• What is the nature of the product/service that you provide?

    • What successes have you experienced over the years?

    • What is your competitive advantage?

      An example of a business description is:
      Pets with Pizzazz, Inc. was established in 1989 to supply specialty collars for the pet supply industry. The premium pet supply market experienced strong growth over the past five years due, in part, to the trend that couples are delaying starting families and are opting for pets instead. Many of these are dual income couples and are choosing to spend significant amounts on their pets. Their pets are their children. Pets with Pizzazz has experienced an average annual growth rate of 30% over the past five years, maintaining its competitive edge through customer service excellence, an innovative supply system, and a patented fastener for its premium collars. The company is currently located in a 10,000 square foot building which houses its collar assembly operation.

    • Describe your goals and objectives for the short and long term.

    • What are your major goals and objectives?

    • Where do you see your firm at the end of this year, in three years, in five years?

    • What is your vision for the future of your company?

      For example:
      Pets with Pizzazz will be THE premium pet supply company. In the next 1-2 years, we plan to double market share from 16% to 32% for our premium collars. By the year 2000 we plan to offer a broader product line for the premium market including specialty dishes, bowls, beds, and houses. We plan to do that by…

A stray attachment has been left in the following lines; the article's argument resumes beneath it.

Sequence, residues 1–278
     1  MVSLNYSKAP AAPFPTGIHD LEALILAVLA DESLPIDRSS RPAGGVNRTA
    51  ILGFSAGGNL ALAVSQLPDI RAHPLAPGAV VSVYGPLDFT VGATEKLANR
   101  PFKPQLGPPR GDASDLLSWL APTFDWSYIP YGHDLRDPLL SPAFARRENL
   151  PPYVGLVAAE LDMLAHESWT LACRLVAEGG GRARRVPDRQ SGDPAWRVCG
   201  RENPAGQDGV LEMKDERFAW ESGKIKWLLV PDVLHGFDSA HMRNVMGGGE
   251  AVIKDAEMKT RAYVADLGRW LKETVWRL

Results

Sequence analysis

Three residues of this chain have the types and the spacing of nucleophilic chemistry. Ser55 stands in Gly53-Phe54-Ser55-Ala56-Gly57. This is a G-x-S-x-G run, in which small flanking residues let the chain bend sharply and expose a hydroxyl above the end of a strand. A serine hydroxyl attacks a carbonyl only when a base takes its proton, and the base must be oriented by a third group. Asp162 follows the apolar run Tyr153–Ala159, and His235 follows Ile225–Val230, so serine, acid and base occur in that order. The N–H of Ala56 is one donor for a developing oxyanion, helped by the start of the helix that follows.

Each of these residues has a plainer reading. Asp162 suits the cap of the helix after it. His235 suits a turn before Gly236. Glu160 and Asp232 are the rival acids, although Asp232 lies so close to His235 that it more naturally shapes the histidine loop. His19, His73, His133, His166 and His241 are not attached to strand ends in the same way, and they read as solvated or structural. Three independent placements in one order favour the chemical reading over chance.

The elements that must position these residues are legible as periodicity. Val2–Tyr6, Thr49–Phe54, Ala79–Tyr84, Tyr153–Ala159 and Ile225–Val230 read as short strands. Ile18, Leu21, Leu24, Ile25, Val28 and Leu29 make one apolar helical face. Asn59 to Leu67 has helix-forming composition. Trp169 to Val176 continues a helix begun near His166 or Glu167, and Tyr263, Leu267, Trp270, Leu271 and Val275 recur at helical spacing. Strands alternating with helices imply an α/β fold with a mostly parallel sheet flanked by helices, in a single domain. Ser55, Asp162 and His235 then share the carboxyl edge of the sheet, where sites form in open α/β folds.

Analyze Your Market And Determine Your Marketing Strategy

It is critical that you understand your market. A good product is not enough to guarantee marketing success. For example, you may make the best buggy whips in the world, but this doesn't matter if there aren't customers to buy your product. This is one of the most important sections of your business plan. It will be scrutinized carefully, therefore, your market analysis should be as specific as possible, focusing on believable, reliable, achievable projections. You may want to refer to the following training Business Builders to help you with this step:

How to Prepare a Market Analysis